Barbara Scott’s collection of short stories, The Quick, was published by Cormorant books in 1999 and was placed on the Toronto Star’s list of the best books of that year. The book won the Writers’ Guild of Alberta Howard O’Hagan Award for Best Short Fiction and the City of Calgary W.O. Mitchell Book Prize for 1999, and was shortlisted for the Henry Kreisel Award for Best First Book. Toronto Star reviewer Stephen Finucan wrote: “There is a touch of Monroe in Scott’s writing, but the voice and the style are all her own. Confident, subtle and visceral, The Quick should not be missed.” Jim Bartley of The Globe and Mail wrote: “The marvel is that when [Scott’s] subtle knowledge begins to emerge, it feels as if you’re finding it within yourself. The best of these stories shine probing light onto unresolved sorrows and bitterness, illumine what has been hidden, and help lay it to rest.” Audrey Andrews of the Calgary Herald wrote: “These are what stories ought to be, and The Quick is cause for celebration.”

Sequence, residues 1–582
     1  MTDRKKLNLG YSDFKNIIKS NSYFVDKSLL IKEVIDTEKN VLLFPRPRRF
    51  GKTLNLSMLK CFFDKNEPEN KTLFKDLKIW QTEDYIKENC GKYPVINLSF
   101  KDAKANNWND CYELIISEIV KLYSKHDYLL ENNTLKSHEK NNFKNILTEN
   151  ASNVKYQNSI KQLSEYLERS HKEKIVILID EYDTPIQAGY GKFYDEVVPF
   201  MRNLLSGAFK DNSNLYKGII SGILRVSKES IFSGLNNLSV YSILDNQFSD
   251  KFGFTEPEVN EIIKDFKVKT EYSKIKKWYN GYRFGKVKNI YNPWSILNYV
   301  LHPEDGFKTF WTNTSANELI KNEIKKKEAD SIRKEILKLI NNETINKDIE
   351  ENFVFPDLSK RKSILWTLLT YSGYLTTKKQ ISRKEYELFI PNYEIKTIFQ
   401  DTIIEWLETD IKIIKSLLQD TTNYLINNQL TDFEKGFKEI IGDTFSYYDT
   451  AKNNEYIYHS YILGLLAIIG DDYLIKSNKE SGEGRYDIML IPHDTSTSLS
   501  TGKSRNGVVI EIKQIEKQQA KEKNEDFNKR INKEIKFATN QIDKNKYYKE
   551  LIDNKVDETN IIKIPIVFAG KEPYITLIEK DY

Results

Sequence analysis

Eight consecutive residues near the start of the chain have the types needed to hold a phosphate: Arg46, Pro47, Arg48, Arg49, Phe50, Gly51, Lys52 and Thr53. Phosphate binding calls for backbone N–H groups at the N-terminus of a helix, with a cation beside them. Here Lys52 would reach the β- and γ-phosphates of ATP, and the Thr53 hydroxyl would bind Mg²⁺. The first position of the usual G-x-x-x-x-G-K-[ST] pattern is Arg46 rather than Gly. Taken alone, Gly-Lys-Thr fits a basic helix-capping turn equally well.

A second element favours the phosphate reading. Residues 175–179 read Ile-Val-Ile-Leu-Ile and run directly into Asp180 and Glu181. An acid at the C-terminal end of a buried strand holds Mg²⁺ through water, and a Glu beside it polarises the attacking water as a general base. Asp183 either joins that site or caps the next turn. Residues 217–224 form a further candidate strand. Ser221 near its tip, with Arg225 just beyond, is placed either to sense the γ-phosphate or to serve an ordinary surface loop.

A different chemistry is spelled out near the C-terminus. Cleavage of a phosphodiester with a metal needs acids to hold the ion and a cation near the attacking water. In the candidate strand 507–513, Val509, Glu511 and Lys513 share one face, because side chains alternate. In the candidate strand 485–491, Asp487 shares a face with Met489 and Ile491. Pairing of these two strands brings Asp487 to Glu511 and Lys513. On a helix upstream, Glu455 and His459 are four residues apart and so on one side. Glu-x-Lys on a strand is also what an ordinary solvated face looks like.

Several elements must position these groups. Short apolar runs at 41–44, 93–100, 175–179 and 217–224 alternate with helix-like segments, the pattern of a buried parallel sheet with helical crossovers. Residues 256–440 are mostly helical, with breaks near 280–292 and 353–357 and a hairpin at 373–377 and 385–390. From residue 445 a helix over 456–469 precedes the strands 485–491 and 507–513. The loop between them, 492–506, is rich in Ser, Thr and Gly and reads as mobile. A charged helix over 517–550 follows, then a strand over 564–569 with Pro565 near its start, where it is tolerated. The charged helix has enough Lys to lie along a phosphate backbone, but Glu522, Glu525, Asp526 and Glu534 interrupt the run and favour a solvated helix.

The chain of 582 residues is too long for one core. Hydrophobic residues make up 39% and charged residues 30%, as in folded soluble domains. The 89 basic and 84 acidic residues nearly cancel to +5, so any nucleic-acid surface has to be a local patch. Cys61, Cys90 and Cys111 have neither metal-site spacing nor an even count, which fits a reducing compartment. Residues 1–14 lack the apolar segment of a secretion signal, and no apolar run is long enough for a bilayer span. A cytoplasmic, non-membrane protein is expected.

Scott received her BA and MA in English from the University of Calgary. She has worked as an editor on literary magazines and privately, and has taught creative writing courses for the Banff Centre, Mount Royal, and for the Continuing Education Departments of both the Calgary Board of Education and the University of Calgary. She has led writing workshops for creative writing groups in Alberta, Saskatchewan and British Columbia. Her work has been published in a number of magazines and anthologies.
Most recently Scott has co-edited First Writes, an anthology of essays on the experience of publishing a first book, and was included in Dropped Threads 3. She is currently at work on a novel and shorter pieces of creative non-fiction. She is also on the editorial board of Freehand, Canada’s newest literary press.